These WLAN devices were originally designed for indoor use to provide wireless connectivity to PCs and other devices. However, by using external outdoor antennas and amplifiers (like that disclose in Utility patent application Ser. No. 09/505,201) with these devices enable long-range outdoor applications. These have proliferated in recent years crowding the 2.4 GHz license-free radio band.
 Also operating on this band are microwave ovens, cordless telephones, low-power video surveillance cameras, consumer-grade video transmitters, and high power Amateur Radio transmitters stations. The combined interference generated by all these devices is making reliable use of these bands for long-range outdoor use untenable in many urban areas. In the near future, the numbers of locales where interference abounds will increase.
 There is, however, a license-free Spread Spectrum band in the 5.725 to 5.850 GHz range available for use in the United States and other countries. However, the cost for outdoor radio devices that operate in this band can be ten to twenty times more expensive then the low-cost 2.4 GHz radio equipment. The present invention enables any 2.4 GHz TDD Spread Spectrum radio devices to operate in the 5.8 GHz band or any other radio band thereby avoiding all the interference found on the 2.4 GHz band. Further, the present invention can be utilized to convert any TDD radio on any band to operate on any other radio band.
 Still further, the present invention can be utilized to enable TDD radios to operate split-band (i.e., transmitting on one band and receiving on another). By applying the principles of the present invention, the limitation of co-locating only a few 802.11b DSSS radios at any one location can be resolved. In fact, using the present invention discloses how all of the 802.11b radio channels could be utilized at any one location in a properly designed system.
FIG. 1 shows a typical installation drawing with Converter Amplifier mounted near the antenna with coax cables connecting it to the DC Injector and radio transceiver
FIG. 2 shows a simple block diagram illustrating how the Converter Amplifier module translates radio frequencies
FIG. 3 shows the circuit elements found inside the bi-directional Converter Amplifier module
FIG. 4 shows the one-way Converter Amplifier module where only the transmitted signal gets translated.
FIG. 5 shows the component to FIG. 4 where only the received signal gets translated.
FIG. 6 illustrates how complementary pair of one-way Converter Amplifiers communicate over-the-air.
FIG. 7 shows an alternate form of the Converter Amplifier where no DC Injector is required when the radio transceiver and antenna are all co-located.
FIG. 8 illustrates how a multi-channel system can be deployed using one-way frequency conversions at each end of a link.
 Refer to FIG. 2. In transmit mode, radio frequency (RF) signals generated in the radio device connected to Converter Amplifier 1 on frequency band A are converted to frequency band B. Likewise, when Converter Amplifier 1 is in the receive mode, received signals entering Converter Amplifier 1 in frequency band B are converted to frequency band A. Converter Amplifier 1 is a half-duplex device and automatically switches from receive to transmit mode. The device can be built to either up or down convert. In other words, the converted frequencies could be either higher or lower in frequency than the operating frequency of the radio it is connected to.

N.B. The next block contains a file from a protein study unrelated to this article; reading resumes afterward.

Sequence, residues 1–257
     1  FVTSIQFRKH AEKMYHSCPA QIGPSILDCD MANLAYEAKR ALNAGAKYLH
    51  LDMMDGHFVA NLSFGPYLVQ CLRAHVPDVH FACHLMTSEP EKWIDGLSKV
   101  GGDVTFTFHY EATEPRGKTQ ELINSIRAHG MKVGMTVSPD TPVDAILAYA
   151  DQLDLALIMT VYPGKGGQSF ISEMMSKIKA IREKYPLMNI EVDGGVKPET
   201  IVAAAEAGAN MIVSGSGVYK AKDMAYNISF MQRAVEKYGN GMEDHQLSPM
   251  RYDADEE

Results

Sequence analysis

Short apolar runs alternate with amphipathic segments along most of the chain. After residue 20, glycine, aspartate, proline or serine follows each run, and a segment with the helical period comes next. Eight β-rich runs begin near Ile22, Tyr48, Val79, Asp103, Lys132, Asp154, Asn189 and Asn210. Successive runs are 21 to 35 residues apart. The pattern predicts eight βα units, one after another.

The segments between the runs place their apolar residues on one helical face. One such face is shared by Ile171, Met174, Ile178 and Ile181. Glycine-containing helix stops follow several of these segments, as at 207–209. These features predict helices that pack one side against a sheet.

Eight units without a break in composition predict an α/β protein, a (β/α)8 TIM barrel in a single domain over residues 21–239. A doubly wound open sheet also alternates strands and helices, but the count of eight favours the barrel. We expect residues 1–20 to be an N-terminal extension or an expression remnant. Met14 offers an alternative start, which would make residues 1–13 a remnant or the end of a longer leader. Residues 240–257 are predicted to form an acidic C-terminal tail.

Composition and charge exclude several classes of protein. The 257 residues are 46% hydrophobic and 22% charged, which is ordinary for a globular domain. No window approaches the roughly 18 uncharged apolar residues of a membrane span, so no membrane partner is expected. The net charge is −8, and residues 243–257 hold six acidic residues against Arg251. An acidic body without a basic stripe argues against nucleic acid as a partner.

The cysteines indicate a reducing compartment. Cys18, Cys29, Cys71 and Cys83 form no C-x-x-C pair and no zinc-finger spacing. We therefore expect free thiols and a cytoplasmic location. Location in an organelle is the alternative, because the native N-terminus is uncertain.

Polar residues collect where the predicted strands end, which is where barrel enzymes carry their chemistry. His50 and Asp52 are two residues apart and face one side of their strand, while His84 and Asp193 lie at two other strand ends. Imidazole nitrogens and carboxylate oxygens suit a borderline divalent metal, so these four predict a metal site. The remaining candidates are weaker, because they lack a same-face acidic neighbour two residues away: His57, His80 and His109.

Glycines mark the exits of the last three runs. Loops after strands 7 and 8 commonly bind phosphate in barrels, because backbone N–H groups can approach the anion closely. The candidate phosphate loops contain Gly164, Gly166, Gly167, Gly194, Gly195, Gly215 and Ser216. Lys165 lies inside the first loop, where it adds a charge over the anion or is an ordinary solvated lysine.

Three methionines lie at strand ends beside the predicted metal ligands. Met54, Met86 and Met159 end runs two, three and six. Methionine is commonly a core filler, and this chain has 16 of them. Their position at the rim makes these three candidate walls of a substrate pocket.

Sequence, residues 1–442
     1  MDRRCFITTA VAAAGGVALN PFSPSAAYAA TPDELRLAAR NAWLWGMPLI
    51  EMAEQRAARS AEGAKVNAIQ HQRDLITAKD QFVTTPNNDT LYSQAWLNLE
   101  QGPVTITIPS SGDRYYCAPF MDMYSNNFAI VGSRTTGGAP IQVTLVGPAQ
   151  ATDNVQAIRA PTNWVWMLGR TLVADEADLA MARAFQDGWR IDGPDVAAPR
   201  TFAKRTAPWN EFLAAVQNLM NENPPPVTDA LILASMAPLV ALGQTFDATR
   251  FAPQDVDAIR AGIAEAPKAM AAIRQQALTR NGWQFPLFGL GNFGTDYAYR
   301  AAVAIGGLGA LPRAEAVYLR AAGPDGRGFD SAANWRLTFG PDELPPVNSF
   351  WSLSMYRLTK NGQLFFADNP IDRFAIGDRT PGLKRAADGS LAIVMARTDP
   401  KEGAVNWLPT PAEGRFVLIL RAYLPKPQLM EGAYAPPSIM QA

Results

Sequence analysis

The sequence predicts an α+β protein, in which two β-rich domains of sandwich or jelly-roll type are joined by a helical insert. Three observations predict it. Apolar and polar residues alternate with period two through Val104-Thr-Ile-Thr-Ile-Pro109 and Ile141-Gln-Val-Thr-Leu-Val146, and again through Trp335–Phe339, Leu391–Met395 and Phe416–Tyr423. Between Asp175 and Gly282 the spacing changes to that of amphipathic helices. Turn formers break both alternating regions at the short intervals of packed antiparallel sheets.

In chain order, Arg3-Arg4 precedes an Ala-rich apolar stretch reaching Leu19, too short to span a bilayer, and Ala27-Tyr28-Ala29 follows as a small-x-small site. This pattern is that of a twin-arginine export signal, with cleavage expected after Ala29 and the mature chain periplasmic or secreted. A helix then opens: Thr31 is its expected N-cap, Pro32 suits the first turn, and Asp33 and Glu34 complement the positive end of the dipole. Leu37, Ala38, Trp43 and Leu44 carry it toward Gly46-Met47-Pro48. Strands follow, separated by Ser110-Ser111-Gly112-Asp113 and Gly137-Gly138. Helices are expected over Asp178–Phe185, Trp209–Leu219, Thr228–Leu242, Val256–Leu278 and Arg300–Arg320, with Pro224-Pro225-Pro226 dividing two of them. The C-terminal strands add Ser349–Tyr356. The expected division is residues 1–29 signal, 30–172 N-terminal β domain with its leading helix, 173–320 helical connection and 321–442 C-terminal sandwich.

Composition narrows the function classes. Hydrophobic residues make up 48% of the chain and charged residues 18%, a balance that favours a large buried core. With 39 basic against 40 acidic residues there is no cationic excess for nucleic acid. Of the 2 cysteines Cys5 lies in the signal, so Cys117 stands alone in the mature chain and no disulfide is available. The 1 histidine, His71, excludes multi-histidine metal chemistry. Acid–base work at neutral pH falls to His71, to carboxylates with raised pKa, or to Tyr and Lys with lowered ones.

FIG. 1 details the preferred installation of the present invention. Normally, antenna connector 21 is connected via coax cable 3 external antenna 87 tuned to operate on to frequency band B. In the receive mode, RF signals picked up by antenna 87 enter Converter Amplifier 1 at antenna connector 21. They are then converted to frequency band B, amplified and feed out of Converter Amplifier 1 at radio connector 20 to DC (direct current) Power Injector 2. The converted RF signal travels down coax cable 4 to DC Power Injector 2 through RF connector 72. The signal then passes through DC Power Injector 2, out RF connector 60 and to Transceiver Radio 6 thru the second coax cable 9 attached to Transceiver Radio 6.
 When Transceiver Radio 6 goes into the transmit mode, RF energy from Transceiver Radio 6 travels the same path. The signal passes from Transceiver Radio 6 through coax cable 9 in RF connector 60 to DC Power Injector 2 on through coax cable 4 to Converter Amplifier 1 through radio connector 20. They are then converted to frequency band B, amplified and fed out of Converter Amplifier 1 at antenna connector 21 to external antenna 87 via coax cable 3.
 DC Power Injector 2 serves the primary purpose of injecting DC power onto coax cable 4 to power the electronics in Converter Amplifier 1. Additionally, DC Power Injector 2 offers lightning and power surge protection as well as LEDs to show the operational status of the system.
FIG. 3 shows the circuit components inside Converter Amplifier 1 in the preferred embodiment. In the receive mode, the received RF signal enters Converter Amplifier 1 at antenna connector 21. The signal is filtered by frequency band B Bandpass Filter 36 via electronic switch 35 and proceeds into noise amplifier (LNA) 30. This signal is fed into receive RF Mixer 29 where it is mixed with the signal from Local Oscillator (LO) 31. The resulting signal is converted or translated to RF frequency band A and fed though frequency band A Bandpass Filter 27 and tuned to pass all frequencies in band A. The signal is then passed through input switch 24 and to radio connector 20 where it is ultimately presented to Transceiver Radio 6 from the transmission coax cable 4, through DC Power Injector 2 and along coax cable 9.